If the diagnosis is a structural problem, then the location of pain is almost always where the structural lesion is. Structural lesions with bones, muscles, tendons, ligaments, discs, cartilage, and menisci create local symptoms. The main exception is when structural lesions occur with nerves, in which case symptoms can travel along the nerve. So if what you suppose is a problem in a structure changes location, it’s more likely that instead of there being a problem with the structure, there’s a problem with how things are functioning - which is the majority of problems. With functional problems (that is, something is not working well instead of a structure actually being broken), it's common for pain to change location. Muscle strain, tear, pull pain doesn't move. It's where the strain, tear, pull is. -- Laura
Simply put, therapy makes something that isn’t working, work again. Performance, on the other hand, makes something that already works, work better. There is overlap between the two realms, but it’s not as large as many seem to think. If you understand how to fix a torn muscle, you likely have a basic understanding of how to maximize performance of a normal muscle. Likewise, if you understand how to make a normal heart become more efficient, you’ll have modest knowledge of what happens when something goes wrong.
Having been a relatively high-level athlete myself, I am comfortable in the world of performance (fitness and sport performance). However, that is not my expertise. As I value expertise, I advise people within my area of expertise (orthopedic therapy) and refer people to other professionals for guidance in other fields.
Do you run a 9-minute mile and want to run a 6-minute mile in 3 months? Do you want to improve your vertical leap by 25% before next season? My role in these situations is to ensure no orthopedic problem is stopping you (which is an important step!). That it, things work well, they are just not conditioned for that higher level of performance. While I could certainly help in the performance realm, if you want the best, most efficient training plan, I am not your person.
Overlap most concretely occurs when a high-performing patient is nearing the end of therapy. My job is to restore a patient’s body to the patient’s individual normal. If her normal is playing professional soccer and I can get her only 75% of the way there (at which point her body is way above universal norms), that is the time for a performance specialist to take the lead to get her to 100%. -- Laura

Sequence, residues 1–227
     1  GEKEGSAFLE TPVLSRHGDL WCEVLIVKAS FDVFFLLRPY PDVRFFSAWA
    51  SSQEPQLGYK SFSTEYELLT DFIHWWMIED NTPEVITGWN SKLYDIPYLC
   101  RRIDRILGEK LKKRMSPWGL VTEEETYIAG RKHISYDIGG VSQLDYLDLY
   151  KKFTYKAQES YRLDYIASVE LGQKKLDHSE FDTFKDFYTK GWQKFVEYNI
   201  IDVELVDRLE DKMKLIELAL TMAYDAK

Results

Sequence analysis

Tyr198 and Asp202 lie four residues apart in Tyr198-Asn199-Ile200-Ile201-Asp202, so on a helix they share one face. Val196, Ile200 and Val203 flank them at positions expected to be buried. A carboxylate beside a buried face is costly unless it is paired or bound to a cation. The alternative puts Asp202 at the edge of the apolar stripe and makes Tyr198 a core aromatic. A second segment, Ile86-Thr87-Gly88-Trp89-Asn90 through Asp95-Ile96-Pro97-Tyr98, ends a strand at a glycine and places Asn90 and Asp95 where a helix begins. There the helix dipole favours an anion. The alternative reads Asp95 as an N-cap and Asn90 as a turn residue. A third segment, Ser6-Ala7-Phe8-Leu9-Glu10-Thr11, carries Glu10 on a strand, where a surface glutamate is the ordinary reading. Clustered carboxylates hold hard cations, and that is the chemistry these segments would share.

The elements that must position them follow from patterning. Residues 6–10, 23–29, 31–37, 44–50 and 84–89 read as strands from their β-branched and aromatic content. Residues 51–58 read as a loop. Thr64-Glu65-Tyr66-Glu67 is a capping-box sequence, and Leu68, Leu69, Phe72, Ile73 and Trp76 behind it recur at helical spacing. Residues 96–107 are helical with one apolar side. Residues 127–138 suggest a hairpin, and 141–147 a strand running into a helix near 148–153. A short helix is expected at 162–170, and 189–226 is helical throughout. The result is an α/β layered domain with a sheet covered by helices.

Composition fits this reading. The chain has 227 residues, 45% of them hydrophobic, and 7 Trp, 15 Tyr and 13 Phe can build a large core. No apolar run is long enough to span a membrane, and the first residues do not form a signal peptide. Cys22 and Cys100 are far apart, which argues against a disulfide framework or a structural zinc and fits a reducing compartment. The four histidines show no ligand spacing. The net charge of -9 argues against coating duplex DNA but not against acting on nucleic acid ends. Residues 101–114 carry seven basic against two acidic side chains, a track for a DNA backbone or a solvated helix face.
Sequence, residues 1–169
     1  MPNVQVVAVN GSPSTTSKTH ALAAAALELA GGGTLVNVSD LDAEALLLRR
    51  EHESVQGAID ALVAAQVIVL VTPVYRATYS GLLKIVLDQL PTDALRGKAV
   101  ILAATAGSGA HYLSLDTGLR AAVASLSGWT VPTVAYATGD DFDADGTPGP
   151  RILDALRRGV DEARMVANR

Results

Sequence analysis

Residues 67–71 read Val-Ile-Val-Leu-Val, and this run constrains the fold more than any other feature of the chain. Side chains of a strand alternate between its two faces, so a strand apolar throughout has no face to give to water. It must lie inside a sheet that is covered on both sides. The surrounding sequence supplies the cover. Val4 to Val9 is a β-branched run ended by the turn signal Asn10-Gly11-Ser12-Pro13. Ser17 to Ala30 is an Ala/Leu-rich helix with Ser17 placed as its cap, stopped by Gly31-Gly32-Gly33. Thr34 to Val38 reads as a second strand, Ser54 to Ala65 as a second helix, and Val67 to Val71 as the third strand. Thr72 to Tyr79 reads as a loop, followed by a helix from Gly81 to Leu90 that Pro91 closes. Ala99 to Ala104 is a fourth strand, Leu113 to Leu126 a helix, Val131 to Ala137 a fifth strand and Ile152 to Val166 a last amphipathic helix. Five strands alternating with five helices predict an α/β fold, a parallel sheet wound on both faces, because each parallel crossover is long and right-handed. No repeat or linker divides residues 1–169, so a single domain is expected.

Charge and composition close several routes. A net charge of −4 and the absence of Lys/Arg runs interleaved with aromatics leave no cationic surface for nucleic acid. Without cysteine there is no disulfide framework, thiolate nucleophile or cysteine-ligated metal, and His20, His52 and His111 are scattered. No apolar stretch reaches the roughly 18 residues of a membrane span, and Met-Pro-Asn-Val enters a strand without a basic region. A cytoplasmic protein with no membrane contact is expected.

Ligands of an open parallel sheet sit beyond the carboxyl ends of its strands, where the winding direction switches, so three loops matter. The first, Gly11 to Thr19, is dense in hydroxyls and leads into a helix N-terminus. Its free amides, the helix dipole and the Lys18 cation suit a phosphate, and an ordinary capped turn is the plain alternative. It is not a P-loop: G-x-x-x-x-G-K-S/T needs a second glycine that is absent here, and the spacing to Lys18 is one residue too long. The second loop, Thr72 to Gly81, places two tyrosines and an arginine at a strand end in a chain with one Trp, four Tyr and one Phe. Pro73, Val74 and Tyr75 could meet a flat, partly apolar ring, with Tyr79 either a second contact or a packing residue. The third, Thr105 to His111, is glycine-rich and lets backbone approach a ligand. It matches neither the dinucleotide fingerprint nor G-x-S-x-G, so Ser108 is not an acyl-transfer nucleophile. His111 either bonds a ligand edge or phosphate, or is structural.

It is not uncommon to hear “My left leg is just not as stable as my right” or “I lack control placing my right foot on runs” or “My balance is much better on one side.” I haven’t encountered people voicing this about their arms, but it could certainly manifest in the upper body as well. I won’t say it’s always, but it seems like in all cases when patients have complaints about a lack of stability in one leg (not a specific joint, but the entire limb), it’s a spine issue.
Again, if we think of the spine as the fuse box, it makes sense that an irritated spine could create these somewhat vague complaints in the limb. While “instability” is usually a good, appropriate descriptor, it’s also often a lack of control, responsiveness, and/or balance. What I’ve seen people call “dead leg syndrome” on blogs is most likely an example of this too.
Don’t make the mistake I made. Years ago I noticed a marked difference in the stability between my right and left lower extremities. Leaning against the wall in the hospital one day with my legs about a foot from the wall, I could balance fine on my left leg when it was placed under my left hip socket, but failed miserably to do so on my right side. I spent close to a year doing relatively fruitless single leg strengthening and balance/coordination exercises. It got better, but not by much. Some time after that (having given up on making progress and having gotten into MDT), I remedied the issue with directional preference movements of my low back. -- Laura
When discussing athletic performance, we think of coaches, strength and conditioning specialists, trainers, and so on, but my role comprises the foundation. Power, balance, and mobility are certainly trainable, but if your body is not fully normal to begin with, training will only get you so far. If performance prowess is your goal, you need normal nerve conduction, nerve extensibility, strength, mobility, biomechanics, etc. first. (Having no symptoms doesn’t mean everything is functioning normally.)
Consider jumping. If there’s even a slight derangement (painful or not) in the lumbosacral spine, the electricity supplying necessary muscles can be impeded. Tiny malalignments in the foot, ankle, knee, hip, or spine joints can affect strength, mobility, balance, and movement patterns with jumping. Abnormalities with muscles or tendons themselves (rare) will also impact jumping.
My expertise is in ensuring people have normal physiology before they go train to make it exceptional. (There are, of course, some allowances.) Perhaps most importantly, I teach people how to self-assess and self-treat so they can always perform with optimized physiology. It takes only minutes. I believe that many “off” days are due to minor, transient joint malalignments - which can easily be self-detected and corrected if you learn how. --Laura
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